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 02-12-2005, 02:22 Post: 105970
tomrscott



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 First practice welds

I might finally get some time to get in some practice welding tomorrow. Thinking a bit about what to use for practice, with a mind toward building up to welding new ends on a couple of hydraulic cylinders for my TNT project (three ball pin sockets, and one large clevis).

I've got a lot of 1/8" sheet steel from some scrap equipment cabinets. I've also got some 3/8" plate and 3/8" x 4" x 4" angle stock. Some old 5/8" foundation "J" bolts, a couple odds and ends like an old worn forged clevis, etc. I've also got a bit of 4" x 4" x 1/4" box tubing, but I'd like to save most of that for real projects and not burn it up in practice.

Is it easier to begin with big stuff so you can work the puddle more slowly, or would it be easier to work with some of the 1/8" that I have the most of?

I've got a couple big chunks of aluminum an inch thick or more, a 22' disk, and a 16" x 24" platform that I was thinking might make a decent work surface for some small pieces?

The rod I bought is 7018 1/8", and 6011 3/32", but of course I can get something else, that's just what I happened to get. Given what I have to work with, what seems like a good fit?

In general; clean the surfaces bright with a wire wheel, stripping off paint and rust? Cut bevels for thick stuff? For larger joints, tack weld pieces together and then work a bead a little bit at a time from opposite directions to minimize "creep" of the joint from thermal expansion? Clean off the slag of each layer before laying on another bead?

A friend said that in his college welding class, the teacher had them weld together two pieces of 4" angle stock, making four of the six sides of a cube, and then lay on layer after layer of weld beads till they had a 4" cube made of nothing but layer upon layer of weld beads framed by the angle stock. Then they took a band saw and cut them in half and were graded on the uniformity and density of penetration with no voids. Seemed like a pretty good exercise.

Oh, my welder is a Miller Thuderbolt 225A AC/DC, and I've got a good fat 50A circuit with solid 240VAC (branch circuit coming from a 400AMP service!), should be plenty of power.

And I also have a Hypertherm Powermax600 20-40 amp plasma cutter to cut pieces and patterns out. I am going to be using the gouging tip to remove some welds to get the 3/8" angle stock loose from a large plate. Also going to use the plasma to cut the existing ends off of the hydraulic cylinders mentioned above.

I was thinking that I could use the J-bolts to simulate welding ends on the hydraulic cylinder rods. Maybe weld it to a big plumbing fitting or something...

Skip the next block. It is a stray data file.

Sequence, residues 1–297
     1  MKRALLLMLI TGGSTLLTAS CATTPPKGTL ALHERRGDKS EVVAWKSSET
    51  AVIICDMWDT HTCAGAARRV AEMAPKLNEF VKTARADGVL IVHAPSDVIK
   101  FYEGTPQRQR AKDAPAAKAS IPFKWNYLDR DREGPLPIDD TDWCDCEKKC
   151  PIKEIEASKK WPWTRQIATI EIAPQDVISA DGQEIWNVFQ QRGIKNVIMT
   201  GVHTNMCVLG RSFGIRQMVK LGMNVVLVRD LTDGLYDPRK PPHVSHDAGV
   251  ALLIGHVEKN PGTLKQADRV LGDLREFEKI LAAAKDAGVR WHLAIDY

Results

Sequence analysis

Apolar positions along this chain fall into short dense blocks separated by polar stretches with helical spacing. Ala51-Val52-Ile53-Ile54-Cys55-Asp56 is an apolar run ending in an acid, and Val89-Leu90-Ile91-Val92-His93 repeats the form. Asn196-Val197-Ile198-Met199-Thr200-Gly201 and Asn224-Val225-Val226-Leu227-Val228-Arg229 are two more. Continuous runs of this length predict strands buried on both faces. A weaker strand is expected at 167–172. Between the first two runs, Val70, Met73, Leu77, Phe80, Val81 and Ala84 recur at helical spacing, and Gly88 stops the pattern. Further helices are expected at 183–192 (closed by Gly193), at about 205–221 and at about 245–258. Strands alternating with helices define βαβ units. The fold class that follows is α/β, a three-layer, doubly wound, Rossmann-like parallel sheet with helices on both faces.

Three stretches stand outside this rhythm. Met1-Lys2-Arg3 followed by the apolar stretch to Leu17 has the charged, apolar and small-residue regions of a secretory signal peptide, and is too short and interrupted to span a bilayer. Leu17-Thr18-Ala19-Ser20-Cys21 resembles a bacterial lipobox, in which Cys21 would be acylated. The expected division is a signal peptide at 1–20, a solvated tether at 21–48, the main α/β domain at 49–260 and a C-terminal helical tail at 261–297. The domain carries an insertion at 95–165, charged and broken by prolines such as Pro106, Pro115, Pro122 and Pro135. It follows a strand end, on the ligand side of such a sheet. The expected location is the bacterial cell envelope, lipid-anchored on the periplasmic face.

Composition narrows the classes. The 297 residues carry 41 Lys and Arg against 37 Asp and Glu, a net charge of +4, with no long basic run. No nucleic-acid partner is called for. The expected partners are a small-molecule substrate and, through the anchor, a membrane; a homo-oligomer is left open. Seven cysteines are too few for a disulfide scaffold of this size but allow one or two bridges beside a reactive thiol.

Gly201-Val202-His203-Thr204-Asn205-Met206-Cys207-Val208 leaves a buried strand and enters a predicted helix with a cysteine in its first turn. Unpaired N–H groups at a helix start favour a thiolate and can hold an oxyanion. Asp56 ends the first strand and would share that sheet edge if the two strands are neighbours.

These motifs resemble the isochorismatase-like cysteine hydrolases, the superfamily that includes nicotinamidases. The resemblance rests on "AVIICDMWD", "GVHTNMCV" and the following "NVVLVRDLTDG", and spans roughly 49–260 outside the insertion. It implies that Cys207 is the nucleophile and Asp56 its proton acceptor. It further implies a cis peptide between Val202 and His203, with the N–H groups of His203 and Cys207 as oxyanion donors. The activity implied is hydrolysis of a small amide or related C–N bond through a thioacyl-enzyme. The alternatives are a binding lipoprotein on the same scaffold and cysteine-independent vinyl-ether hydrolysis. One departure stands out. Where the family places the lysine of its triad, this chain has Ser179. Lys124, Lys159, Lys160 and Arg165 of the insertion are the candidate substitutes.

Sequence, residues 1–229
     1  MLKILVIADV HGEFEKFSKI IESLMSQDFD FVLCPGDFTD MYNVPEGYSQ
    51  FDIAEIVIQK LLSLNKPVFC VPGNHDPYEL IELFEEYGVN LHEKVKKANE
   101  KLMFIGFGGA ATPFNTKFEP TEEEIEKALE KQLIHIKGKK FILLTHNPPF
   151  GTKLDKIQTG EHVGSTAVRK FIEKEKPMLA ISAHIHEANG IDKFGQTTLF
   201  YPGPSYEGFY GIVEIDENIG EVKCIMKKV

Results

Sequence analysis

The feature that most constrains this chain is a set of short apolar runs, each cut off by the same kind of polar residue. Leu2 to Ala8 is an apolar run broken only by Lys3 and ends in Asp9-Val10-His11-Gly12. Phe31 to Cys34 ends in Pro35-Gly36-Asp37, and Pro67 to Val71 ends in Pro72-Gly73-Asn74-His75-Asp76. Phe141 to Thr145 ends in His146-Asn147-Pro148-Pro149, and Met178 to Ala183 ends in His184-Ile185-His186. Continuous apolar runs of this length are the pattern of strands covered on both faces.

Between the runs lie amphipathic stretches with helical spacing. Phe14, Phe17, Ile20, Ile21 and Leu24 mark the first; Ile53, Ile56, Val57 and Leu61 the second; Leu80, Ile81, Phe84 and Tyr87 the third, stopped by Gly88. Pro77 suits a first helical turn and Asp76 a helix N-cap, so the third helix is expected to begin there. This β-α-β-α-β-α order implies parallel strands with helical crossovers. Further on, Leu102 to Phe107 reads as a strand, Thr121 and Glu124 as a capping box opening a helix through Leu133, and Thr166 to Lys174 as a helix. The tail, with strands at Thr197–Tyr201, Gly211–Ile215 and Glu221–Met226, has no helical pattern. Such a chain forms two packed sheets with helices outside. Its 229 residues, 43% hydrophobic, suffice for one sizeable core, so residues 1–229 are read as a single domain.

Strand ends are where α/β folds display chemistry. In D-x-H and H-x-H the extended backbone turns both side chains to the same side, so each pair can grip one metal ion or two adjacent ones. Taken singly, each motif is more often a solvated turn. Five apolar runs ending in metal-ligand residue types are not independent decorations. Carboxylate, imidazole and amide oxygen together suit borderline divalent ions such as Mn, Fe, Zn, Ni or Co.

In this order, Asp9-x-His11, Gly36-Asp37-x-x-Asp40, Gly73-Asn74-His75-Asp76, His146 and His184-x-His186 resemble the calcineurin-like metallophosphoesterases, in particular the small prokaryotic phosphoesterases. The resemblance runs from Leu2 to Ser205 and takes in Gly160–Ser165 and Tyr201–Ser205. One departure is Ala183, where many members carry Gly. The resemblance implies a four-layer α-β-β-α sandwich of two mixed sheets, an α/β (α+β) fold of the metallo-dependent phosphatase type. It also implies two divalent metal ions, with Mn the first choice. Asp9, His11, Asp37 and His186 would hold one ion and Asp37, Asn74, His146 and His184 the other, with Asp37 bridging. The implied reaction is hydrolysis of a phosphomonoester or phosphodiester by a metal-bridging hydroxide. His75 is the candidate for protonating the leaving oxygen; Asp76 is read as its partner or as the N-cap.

Given all this that has been rattling around in my head all week, looking forward to a weekend to get a first crack at it, any advice beyond "Just do it!"?






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 02-12-2005, 13:49 Post: 105985
denwood



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 First practice welds

Well I am sure many people will all have differing opinions on all this. My 2 cents as a hobby welder: When you weld new ends on cylinder for real, be careful of getting the internal seals too hot and melting them. I guess short of dismantling it, extend it all the way and protect the shaft from splatter. Possibly wrap some sort of heat sink around the shaft at the opposite end. I know the rod you bought is rated for AC and DC, but not being a pro and just taking advice of others, I have found 6011 to be better on AC and 7018 to be better on DC. My dad always says odd numbers AC even DC? 6011 gives very good penetration but an uglier weld so I run it on the lower pass to get deeper and then 7018 on top to be pretty, and stronger. I am relatively new to 7018, just finishing my first 5 pound box since I did not have a DC machine before. I used to use 6013 for pretty stuff. My 7018 runs beautifully but once you stop, it is a pain to start again compared to 6011 and 6013. It seems the end coats over with slag and you will see how miserably hard that slag is compared to the 60xx rods. Certainly thicker is easier especially for 6011. I run my 7018 1/8 inch around 140- 145 amps dc and 6011 1/8 around 125 ac. for thicker metals.






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 02-13-2005, 22:27 Post: 106036
jdcman



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 First practice welds

Tom,

Question, how confident are you with puddle recognition? Can you identify the molten metal vs molten flux? For stick welding puddle manipulation is all about the recognition of what's happening as you move the molten pool along the material.

My recommendation is to use a thicker piece of material, say 3/8 or 1/2 thick and practice running stringer beads until you can get them at a consistent thickness and shape. The reason I'd recommend the ticker material is because it won't heat as fast, allowing you to put down several passes and to fine tune your technique without having to adjust for the thermal issues. (More practice runs before the next piece).

There are many texts out there that will show the rod angle and discuss the rod manipulation.

I might also suggest that you start with DC positive polarity and E6010 --- It just runs nicer than the AC 6011.

Low Hy is fine after the practice with the 6010. In my opinion 6010 is much more forgiving when it comes to beginners.

The point is to start with flat beads/welds before you move to the filets.


One last point --- get comfortable. This will become extremely important as you move to out of position welding, (something other than flat welds).

Then it's all about practice, practice, practice and having fun!

Good luck.






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 02-14-2005, 00:23 Post: 106038
tomrscott



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 First practice welds